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Eagle Air Transp., Inc. v. National Aerotech Aviation Delaware, Inc.

United States District Court, N.D. Illinois, Eastern Division

December 18, 2014


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[Copyrighted Material Omitted]

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For Eagle Air Transport, Inc., Plaintiff: Fred Michael Morelli, Jr, LEAD ATTORNEY, Morelli & Cook, Aurora, IL; Heidi Marie Emmett, Emmett Law, Ottawa, IL.

For National Aerotech Aviation Delaware Inc., Kevin Williams, individually and as general manager and sole officer of National Aerotech Aviation Delaware, Inc., Defendants: Carter A. Korey, LEAD ATTORNEY, Ryan D Gibson, Korey Richardson LLC, Chicago, IL.

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AMY J. ST. EVE, United States District Judge.

Defendants National Aerotech Aviation Delaware, Inc. (" Aerotech Delaware" ) and Kevin Williams (" Williams" ), move to dismiss Plaintiff Eagle Air Transport, Inc.'s (" Eagle Air Transport" ) Third Amended Complaint (the " Complaint" ).[1] For the reasons set forth below, the Court grants Defendants' motion in part and denies it in part.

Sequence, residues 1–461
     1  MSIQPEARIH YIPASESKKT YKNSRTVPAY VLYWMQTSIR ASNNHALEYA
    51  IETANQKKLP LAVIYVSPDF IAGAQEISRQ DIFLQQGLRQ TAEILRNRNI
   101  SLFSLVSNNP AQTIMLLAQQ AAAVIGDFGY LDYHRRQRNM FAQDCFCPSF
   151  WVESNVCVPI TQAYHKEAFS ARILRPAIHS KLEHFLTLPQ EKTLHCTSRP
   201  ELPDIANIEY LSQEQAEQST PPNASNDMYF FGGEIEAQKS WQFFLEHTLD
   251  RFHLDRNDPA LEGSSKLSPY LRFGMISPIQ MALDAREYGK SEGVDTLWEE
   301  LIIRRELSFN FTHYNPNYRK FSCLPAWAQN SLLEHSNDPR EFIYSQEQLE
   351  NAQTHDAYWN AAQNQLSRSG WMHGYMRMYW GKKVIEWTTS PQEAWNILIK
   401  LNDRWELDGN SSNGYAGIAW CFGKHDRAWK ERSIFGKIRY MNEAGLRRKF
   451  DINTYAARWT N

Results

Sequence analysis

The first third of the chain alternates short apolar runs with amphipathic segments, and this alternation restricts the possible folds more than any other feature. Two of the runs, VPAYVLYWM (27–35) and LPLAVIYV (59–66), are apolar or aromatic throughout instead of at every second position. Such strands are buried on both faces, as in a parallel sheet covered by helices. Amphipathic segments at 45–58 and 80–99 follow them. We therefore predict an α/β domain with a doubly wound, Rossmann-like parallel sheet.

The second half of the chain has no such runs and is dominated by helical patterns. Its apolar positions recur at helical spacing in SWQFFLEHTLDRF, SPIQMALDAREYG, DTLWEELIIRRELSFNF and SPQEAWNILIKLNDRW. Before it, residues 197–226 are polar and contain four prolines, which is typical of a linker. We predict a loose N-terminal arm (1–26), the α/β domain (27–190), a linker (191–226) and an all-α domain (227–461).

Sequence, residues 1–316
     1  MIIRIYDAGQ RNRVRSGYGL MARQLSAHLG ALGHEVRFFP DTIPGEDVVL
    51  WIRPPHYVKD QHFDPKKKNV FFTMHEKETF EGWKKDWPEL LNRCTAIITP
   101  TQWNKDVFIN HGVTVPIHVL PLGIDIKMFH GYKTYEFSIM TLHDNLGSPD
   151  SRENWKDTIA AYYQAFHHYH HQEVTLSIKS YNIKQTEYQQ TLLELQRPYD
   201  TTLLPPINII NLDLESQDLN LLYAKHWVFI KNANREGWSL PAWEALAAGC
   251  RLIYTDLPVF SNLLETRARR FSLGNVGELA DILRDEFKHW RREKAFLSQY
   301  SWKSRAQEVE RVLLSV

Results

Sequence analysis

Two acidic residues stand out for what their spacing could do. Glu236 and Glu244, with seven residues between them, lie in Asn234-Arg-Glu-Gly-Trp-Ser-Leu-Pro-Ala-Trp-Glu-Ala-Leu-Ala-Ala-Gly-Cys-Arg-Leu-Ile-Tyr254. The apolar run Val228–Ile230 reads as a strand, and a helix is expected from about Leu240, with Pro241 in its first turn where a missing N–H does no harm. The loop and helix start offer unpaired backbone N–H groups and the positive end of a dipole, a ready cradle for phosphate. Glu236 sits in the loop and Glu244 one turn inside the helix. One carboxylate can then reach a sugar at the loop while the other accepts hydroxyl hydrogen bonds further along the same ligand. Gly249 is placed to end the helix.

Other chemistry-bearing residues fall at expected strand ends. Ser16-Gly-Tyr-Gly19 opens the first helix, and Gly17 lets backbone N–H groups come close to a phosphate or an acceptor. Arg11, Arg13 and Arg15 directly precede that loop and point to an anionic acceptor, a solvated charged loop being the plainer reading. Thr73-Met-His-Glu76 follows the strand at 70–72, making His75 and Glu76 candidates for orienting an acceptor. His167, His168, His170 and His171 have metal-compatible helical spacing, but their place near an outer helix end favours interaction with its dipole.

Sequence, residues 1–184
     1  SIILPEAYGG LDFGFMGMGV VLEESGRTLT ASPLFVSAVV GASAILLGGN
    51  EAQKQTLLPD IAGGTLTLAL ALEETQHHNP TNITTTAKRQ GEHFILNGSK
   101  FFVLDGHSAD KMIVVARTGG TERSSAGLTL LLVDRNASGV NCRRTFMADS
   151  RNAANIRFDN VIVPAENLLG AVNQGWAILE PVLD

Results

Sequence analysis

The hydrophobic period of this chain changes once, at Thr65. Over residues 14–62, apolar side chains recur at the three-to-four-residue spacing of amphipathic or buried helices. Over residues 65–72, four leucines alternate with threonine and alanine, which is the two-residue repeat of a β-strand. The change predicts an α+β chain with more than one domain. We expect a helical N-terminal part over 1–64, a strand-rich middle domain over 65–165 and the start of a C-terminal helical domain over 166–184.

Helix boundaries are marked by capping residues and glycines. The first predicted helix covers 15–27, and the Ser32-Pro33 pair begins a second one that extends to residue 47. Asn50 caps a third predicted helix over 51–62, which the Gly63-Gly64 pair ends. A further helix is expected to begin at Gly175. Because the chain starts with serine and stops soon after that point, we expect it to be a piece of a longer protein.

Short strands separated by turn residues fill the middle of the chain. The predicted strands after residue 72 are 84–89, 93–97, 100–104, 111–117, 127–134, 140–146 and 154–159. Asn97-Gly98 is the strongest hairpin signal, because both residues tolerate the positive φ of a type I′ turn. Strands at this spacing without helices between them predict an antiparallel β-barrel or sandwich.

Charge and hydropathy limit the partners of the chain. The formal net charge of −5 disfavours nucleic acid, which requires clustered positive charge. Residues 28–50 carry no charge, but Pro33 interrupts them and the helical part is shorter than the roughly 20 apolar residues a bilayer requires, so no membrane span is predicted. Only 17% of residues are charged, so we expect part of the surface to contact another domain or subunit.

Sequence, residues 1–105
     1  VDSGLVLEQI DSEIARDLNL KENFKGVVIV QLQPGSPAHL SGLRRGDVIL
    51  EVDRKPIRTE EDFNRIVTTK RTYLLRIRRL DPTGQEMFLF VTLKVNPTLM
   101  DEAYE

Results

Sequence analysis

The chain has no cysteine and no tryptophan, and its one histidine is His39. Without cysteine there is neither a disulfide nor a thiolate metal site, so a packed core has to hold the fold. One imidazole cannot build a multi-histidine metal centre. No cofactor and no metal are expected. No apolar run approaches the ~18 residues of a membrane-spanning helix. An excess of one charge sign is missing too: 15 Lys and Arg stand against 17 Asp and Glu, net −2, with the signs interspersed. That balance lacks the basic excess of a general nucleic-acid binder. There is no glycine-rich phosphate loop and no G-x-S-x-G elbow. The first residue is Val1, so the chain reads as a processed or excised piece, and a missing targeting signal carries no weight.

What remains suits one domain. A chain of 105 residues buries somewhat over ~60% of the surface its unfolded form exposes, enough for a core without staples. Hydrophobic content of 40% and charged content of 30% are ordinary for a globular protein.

In evaluating this motion to dismiss, the Court accepts as true the Complaint's well-pleaded factual allegations and draws all reasonable inferences in favor of Plaintiff. Stayart v. Yahoo!, Inc., 623 F.3d 436, 438 (7th Cir. 2010). This action arises out of Aerotech Delaware's sale of a De Haviland DHC-6-200 aircraft (the " Aircraft" ) to Eagle Air Transport pursuant to an Aircraft Purchase and Sale Agreement (the " Agreement" ). (R. 29, Third Am. Compl. ¶ 18.); (R. 29-1, Third Am. Compl. Ex. A, Agreement.) Eagle Air Transport is incorporated in the state of Illinois and has its principal place of business in Ottawa, Illinois. (R. 29, Third Am. Compl. ¶ ¶ 1-2.); (R. 38-1, Nelson Aff. ¶ 3.) Aerotech Delaware is incorporated in the state of Delaware with its principal place of business in Hampton, Georgia. (R. 29, Third Am. Compl. ¶ 3.) Defendant Kevin Williams is the general manager of Aerotech Delaware and its sole shareholder, director, and officer. ( Id. ¶ ¶ 54-55.) Williams is a citizen of Georgia. ( Id. ¶ 4.)

In late 2012 or early 2013, Eagle Air Transport posted on LinkedIn that it sought to purchase an aircraft. ( Id. ¶ 7.) Aerotech Delaware saw the posting and reached out to Eagle Air Transport. ( Id. ¶ 8.) The parties proceeded to negotiate